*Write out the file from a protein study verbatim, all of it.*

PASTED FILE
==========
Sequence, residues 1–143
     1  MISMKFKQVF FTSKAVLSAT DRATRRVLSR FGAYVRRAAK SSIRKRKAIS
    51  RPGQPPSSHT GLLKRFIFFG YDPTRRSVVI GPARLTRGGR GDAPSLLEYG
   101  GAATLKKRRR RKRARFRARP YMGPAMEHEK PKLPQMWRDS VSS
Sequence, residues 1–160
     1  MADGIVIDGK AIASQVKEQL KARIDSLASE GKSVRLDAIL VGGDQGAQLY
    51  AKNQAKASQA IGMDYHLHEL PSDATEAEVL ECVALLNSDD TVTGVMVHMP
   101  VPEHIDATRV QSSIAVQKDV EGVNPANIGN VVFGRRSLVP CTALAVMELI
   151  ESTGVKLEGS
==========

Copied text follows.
Sequence, residues 1–143
     1  MISMKFKQVF FTSKAVLSAT DRATRRVLSR FGAYVRRAAK SSIRKRKAIS
    51  RPGQPPSSHT GLLKRFIFFG YDPTRRSVVI GPARLTRGGR GDAPSLLEYG
   101  GAATLKKRRR RKRARFRARP YMGPAMEHEK PKLPQMWRDS VSS
Sequence, residues 1–160
     1  MADGIVIDGK AIASQVKEQL KARIDSLASE GKSVRLDAIL VGGDQGAQLY
    51  AKNQAKASQA IGMDYHLHEL PSDATEAEVL ECVALLNSDD TVTGVMVHMP
   101  VPEHIDATRV QSSIAVQKDV EGVNPANIGN VVFGRRSLVP CTALAVMELI
   151  ESTGVKLEGS